Landscape domestication before ADE formation

Due to the fairly shallow nature of the Girau occupation levels identified during archaeological excavations (~30 cm), and the limited spatial resolution represented by our archaeobotanical sampling locations, interpretations regarding landscape ecology should be regarded as preliminary.

The data gathered here suggests, however, that the beginnings of landscape domestication, at least on the site-level scale, began during the Girau phase (at least 9,500 cal. BP years ago), before ADEs began to be formed. This is argued through: 1) the presence of palms, particularly disturbance-loving Attalea sp., in equal or greater quantities than in Massangana levels (note that Miller [6] originally hypothesized that Attalea sp. became more abundant in the landscape during the Massangana–not the Girau–phase), 2) the presence of herbaceous disturbance indicators including Poaceae, Cyperus sp., Heliconia sp., Strelitziaceae and Asteraceae (including charred seeds of the latter), again in equal or greater quantities than in Massangana levels, 3) the presence of possible leren phytoliths, 4) the presence of guava, which is a secondary forest cultivar and 5) the absence of any “natural” phytolith assemblage above the bedrock encountered in Unit 1.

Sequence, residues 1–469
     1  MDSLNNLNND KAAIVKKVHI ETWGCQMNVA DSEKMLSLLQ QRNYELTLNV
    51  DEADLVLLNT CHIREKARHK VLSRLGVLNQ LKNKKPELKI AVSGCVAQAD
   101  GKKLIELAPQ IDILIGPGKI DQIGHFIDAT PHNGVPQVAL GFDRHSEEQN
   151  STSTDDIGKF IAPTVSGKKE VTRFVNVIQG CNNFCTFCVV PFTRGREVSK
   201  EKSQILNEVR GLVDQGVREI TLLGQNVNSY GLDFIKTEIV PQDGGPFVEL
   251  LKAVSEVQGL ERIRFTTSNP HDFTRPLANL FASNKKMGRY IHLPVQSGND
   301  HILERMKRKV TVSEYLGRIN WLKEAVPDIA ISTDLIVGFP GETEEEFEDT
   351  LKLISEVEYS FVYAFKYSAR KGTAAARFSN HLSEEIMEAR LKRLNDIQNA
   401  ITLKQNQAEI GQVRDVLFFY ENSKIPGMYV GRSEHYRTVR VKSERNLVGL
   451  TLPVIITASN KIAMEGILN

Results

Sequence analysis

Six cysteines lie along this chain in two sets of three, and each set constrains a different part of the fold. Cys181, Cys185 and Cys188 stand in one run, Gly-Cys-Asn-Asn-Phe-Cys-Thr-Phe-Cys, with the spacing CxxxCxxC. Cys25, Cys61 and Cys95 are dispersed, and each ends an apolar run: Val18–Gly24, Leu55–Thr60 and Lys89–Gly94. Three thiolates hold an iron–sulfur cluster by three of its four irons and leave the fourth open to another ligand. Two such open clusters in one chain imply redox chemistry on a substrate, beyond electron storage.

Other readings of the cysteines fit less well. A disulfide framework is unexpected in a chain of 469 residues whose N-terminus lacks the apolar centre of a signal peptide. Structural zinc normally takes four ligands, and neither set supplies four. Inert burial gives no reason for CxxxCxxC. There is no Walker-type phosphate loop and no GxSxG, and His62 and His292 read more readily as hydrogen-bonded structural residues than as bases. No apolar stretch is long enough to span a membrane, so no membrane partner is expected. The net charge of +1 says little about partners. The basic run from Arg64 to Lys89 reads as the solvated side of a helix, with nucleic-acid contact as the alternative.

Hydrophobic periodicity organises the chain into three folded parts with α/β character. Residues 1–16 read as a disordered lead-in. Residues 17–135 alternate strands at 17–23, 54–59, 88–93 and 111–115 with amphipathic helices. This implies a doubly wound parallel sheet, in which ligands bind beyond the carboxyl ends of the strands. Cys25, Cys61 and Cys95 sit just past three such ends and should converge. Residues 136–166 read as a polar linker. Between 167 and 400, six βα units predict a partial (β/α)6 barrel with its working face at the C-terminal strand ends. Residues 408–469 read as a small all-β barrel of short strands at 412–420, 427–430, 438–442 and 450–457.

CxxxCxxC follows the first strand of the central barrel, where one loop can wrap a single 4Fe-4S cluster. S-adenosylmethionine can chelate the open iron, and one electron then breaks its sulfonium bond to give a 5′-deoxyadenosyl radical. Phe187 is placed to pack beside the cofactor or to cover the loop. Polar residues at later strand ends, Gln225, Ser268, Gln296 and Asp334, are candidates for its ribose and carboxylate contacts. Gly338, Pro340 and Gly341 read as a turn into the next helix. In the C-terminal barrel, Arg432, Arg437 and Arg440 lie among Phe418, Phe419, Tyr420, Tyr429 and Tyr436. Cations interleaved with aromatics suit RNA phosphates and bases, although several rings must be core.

The fact that our modest number of samples imply landscape domestication–at least to some degree–during the Girau occupations, supports a scenario of great time-depth of human modifications to Amazonian ecosystems [48,76,77], in-line with other global tropical forest biomes [78].